When you want some spiciness in your life, Gankara Miso is your go-to. Packed full of flavor, this dish is spicy but not overwhelming, with perfectly crunchy bites of corn and tender tan-tan pork. If you’re wary of spice, you can ask for the spicy paste on the side. This miso-based ramen is a house favorite!
You cannot go wrong with Ganko Ittetsu’s “Signature Shoyu Ramen.” Shoyu is one of the most traditional kinds of ramen: basic and well-known. The soup’s dried fish stock and diced onions add character.
Shio (translates to salt) is the “Hokkaido-style shio ramen.” This clear broth tastes like a combination of chicken and pork. Ingredients like sea salt, fish stock, dried scallop, kelp sauce, and more complement each other to create a light but hearty broth. I drank all of it! Shio might sound simple, but like Shoyu, this ramen is difficult to perfect.
Ganko Ittetsu’s heaviest, most filling dish is Gantetsu Shoyu. This ramen includes more oil and toppings—including bean sprouts, scallions, sliced and diced chashu—to balance out the dish. Dry fish powder and fried garlic bring out the ramen’s flavor, leaving me satisfied.
Miso is “the origin of Sapporo style.” Sapporo is the largest city on the northern Japanese island of Hokkaido. According to the history section of Ganko Ittetsu’s website, the famous miso ramen was invented in 1954 when a customer asked for a miso and pork soup with noodles. As miso was invented in Sapporo, this dish adapts the signature Sapporo recipe, with miso sauce giving the dish a mild flavor and a twist of chicken lightening the pork broth.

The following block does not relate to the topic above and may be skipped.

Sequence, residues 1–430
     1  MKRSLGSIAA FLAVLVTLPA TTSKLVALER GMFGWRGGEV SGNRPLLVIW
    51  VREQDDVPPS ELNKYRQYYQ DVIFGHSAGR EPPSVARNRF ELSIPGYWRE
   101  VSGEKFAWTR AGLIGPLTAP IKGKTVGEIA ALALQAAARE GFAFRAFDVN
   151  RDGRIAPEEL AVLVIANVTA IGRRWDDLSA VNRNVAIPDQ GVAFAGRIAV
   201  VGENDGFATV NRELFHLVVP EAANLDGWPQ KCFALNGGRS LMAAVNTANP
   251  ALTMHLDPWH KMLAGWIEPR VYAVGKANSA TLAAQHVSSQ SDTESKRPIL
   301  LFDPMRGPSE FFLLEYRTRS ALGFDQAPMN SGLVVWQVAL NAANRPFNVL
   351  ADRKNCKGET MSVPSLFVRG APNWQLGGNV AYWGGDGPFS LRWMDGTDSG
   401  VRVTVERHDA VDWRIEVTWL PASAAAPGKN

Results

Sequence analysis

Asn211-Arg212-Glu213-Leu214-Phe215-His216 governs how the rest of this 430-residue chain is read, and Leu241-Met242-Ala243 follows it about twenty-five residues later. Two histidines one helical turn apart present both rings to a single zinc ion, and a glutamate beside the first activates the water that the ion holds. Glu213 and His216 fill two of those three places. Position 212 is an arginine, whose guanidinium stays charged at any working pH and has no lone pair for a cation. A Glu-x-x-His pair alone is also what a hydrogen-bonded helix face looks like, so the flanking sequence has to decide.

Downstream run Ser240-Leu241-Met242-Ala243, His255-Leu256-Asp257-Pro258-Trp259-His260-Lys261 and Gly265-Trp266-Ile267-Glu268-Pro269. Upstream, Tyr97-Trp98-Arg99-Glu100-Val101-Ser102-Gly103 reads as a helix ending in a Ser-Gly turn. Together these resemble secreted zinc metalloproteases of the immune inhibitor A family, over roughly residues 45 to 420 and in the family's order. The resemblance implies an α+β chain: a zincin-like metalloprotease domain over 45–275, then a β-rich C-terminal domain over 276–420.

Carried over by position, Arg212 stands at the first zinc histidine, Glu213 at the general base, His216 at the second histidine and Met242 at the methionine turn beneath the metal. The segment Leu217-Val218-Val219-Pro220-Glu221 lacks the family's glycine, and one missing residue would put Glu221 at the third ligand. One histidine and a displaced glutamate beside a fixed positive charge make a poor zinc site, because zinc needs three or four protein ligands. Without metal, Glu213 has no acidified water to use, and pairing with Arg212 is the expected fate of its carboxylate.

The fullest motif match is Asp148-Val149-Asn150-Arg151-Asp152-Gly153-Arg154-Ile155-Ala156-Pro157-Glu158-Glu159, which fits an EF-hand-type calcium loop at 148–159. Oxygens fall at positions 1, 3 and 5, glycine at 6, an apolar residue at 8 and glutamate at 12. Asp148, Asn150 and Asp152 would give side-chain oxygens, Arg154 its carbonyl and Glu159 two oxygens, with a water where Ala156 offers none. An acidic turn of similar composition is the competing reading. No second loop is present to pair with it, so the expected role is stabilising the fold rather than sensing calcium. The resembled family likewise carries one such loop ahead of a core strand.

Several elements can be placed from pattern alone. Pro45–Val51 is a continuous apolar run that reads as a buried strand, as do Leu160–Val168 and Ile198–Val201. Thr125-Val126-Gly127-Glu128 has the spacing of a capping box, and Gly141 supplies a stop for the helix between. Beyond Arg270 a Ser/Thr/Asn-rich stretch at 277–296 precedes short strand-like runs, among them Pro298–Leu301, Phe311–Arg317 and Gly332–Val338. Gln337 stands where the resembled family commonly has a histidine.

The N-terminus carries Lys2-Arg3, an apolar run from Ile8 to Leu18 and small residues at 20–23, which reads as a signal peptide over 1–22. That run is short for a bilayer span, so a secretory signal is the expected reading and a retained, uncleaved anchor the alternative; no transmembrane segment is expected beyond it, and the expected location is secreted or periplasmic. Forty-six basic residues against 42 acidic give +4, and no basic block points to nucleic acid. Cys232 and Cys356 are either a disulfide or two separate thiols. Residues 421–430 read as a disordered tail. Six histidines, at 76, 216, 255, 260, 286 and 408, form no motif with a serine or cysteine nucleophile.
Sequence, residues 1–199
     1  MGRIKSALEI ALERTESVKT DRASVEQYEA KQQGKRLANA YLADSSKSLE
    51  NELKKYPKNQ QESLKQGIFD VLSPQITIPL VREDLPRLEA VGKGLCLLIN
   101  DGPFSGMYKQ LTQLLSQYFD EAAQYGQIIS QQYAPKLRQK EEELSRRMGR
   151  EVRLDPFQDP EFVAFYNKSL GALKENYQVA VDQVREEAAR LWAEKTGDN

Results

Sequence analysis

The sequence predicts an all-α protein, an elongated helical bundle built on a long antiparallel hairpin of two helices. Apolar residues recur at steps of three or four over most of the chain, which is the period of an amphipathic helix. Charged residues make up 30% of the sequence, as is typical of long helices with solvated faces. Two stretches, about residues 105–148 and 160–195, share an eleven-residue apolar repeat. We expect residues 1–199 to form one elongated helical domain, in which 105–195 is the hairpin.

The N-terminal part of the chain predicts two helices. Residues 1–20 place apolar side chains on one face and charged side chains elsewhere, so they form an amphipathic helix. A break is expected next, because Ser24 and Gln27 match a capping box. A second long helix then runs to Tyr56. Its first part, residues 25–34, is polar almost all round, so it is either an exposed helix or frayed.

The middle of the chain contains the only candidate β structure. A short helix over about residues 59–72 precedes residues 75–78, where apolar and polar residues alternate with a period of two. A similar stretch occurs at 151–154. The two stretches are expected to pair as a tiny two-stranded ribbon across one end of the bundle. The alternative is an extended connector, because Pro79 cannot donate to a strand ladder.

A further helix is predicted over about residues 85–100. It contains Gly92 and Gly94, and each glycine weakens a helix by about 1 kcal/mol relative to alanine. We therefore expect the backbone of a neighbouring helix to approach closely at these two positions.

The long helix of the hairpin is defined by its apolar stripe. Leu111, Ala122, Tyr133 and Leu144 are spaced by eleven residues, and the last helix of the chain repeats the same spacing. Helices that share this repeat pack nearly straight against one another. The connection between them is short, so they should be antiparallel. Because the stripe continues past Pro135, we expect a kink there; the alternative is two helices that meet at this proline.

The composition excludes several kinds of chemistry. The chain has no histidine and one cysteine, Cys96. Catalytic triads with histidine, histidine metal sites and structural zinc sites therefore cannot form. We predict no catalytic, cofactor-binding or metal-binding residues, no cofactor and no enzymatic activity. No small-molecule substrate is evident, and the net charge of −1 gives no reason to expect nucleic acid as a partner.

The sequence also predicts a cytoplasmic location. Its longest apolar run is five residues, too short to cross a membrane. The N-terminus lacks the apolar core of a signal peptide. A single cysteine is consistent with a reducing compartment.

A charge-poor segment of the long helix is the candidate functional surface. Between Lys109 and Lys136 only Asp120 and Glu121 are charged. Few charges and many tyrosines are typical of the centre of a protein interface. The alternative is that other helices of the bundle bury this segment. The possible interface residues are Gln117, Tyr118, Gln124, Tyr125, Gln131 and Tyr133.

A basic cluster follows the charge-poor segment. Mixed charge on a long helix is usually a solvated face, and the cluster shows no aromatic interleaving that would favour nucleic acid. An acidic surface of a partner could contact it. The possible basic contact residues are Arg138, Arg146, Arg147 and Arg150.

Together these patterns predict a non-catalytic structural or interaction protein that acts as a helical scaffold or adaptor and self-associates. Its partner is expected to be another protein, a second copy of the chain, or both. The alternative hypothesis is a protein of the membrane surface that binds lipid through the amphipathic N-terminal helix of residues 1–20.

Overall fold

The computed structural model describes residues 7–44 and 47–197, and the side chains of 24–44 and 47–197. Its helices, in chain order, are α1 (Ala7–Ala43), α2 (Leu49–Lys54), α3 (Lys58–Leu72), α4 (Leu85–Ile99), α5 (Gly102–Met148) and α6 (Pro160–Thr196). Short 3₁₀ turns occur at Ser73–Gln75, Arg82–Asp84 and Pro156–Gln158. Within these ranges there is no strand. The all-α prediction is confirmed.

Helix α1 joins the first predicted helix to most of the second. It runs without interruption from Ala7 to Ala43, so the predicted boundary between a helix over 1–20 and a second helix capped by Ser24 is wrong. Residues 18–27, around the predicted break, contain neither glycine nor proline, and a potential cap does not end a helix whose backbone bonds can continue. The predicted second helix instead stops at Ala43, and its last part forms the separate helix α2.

Ganko Ittetsu’s ramen is authentic, delicious, and full of flavor. You can taste the love that goes into each and every bowl of heaven. Every noodle tastes fresh and bouncy, creating the perfect bite. Along with flavorful sauces, rich broth coats the noodles perfectly. Every ingredient in the bowl is expertly combined and prepared—down to each perfectly-cooked egg. Don’t hesitate to try the condiments found at each table: ground white pepper and shichimi (a spicy powdered seasoning). Though Ganko Ittetsu’s only protein is pork, vegetarian or seafood options may be available in the future. Moving forward, Ganko Ittetsu wants to stay focused on ramen—their speciality—but according to the head chef, they are open to adding appetizers, additional toppings, different ramen flavors, and more.
This niche restaurant is a welcome addition to the Providence food scene, perfect for college students craving an authentic taste of Japanese ramen and good enough to rival Ken’s Ramen downtown. Not only does Ganko Ittetsu Ramen feature high-quality, flavorful ramen and generous portions sizes, but I also look forward to the ambiance every time I visit: the friendly, attentive staff, artwork, and decor. I am excited to return for more, especially as the weather gets colder and days get shorter this fall: Some days just call for a warm bowl of ramen.